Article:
The boundaries between the very ill-defined genres of fiction have always been blurred and always will be. This is a good thing as the ground in those grey areas can be very fertile. It has brought us the hardboiled detective Brother Cadfael, Robert Graves’ wonderful family saga, that war/historical/romance Captain Corelli’s Mandolin, and many more besides. But why oh why this continual need to search for new labels?
In the genres of science fiction and fantasy this is especially noticeable, and often maddening. I was dumbfounded to discover that Jurassic Park was labelled in a fast-seller list as the genre ‘dinosaur’, and on principle it is highly unlikely I’ll ever read Oryx & Crake. SF&F have an image problem for some, and this is why they try to label parts of it differently. Forever in search of respectability they grope for new names for the fiction they write, read, criticise or publish. But where are they looking for this change in attitude? Who are they actually hoping will look upon them in a different light?
Many in the mainstream literati intelligensia sneer at these genres. This is in spite of the fact that they take up about twenty percent of the fiction market, have resulted in many of the most successful films in recent years, and, science fiction specifically, is hugely relevant to today’s culture with its rapid technological change. Where will anyone have first come across videophones, genetic manipulation, satellite lasers, and missiles that think for themselves? In SF, of course. And it is to those who sneer, that those in search of new labels are going cap in hand pleading, “Please, take me seriously. I’m not really involved in that awful science fiction or fantasy stuff!” This is not only insulting to some great past authors, it is bloody annoying for those who are writing SF&F right now. How dare these people grovel for acceptance from those who don’t have the imaginative capacity to grasp science fiction or fantasy? And how gutless they are to not claim these genres as their own.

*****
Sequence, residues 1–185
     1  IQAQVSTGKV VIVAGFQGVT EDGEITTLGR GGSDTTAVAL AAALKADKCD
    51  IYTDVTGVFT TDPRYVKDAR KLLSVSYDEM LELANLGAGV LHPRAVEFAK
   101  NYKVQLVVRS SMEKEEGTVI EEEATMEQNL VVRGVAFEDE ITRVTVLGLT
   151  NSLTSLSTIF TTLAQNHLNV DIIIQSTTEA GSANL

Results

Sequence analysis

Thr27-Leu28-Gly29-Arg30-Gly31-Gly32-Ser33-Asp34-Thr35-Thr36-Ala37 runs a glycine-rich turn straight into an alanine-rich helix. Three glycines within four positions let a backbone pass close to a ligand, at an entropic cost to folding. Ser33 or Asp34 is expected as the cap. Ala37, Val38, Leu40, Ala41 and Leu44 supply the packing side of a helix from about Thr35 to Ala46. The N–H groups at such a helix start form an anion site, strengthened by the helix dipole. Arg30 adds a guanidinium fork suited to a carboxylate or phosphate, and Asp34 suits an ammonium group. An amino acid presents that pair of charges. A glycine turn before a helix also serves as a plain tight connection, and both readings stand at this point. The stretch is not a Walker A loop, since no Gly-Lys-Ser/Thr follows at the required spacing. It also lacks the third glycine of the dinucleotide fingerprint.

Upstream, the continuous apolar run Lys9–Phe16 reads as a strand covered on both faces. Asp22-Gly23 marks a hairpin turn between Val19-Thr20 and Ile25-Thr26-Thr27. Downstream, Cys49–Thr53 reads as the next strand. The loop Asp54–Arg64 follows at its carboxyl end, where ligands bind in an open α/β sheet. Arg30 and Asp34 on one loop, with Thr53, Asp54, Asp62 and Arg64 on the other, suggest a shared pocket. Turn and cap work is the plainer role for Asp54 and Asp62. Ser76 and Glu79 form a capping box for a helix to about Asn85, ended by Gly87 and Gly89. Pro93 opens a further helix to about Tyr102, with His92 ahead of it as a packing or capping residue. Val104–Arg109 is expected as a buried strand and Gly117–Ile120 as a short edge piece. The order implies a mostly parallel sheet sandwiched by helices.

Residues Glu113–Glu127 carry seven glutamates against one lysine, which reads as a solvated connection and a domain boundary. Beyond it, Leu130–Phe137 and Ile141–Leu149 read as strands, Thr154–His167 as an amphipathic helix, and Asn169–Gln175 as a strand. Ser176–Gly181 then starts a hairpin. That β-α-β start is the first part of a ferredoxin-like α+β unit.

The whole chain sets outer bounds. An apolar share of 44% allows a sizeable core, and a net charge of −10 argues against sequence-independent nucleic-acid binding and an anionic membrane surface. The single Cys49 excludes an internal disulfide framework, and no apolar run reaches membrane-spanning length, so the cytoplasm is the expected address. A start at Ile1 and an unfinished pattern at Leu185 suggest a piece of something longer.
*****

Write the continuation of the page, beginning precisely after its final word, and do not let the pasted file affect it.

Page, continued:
But why seek the approval of the mainstream literati establishment, especially when those seeking that approval often style themselves as ‘radical’? More blurred lines. It is because SF&F have their own literati intelligensia who stand astride the line between SF&F and the mainstream: one group standing with their feet in both worlds. They enjoy the creativity and ideas of the first but loath its status. They like the status of the other but do not enjoy its pedestrian limitations.
Some would also have us believe that what they are labelling is something new. What conceit, what arrogance, or what pretension and ignorance. One can only suppose that they have not read widely enough. There’s also some misapprehension of how the English language works in this age when if you’re bad, man, you’re good, and if you’re cool you’re hot. Like the PC lobby they hope that changing labels changes attitude, when in fact current labels change in people’s perception. And the delusion that this rebranding (for that is what it is) will work, is misguided. It will not cause what has been rebranded to perform better. Perhaps they should call the new thing Consignia Fiction, or Corus Fiction – that should do as much good.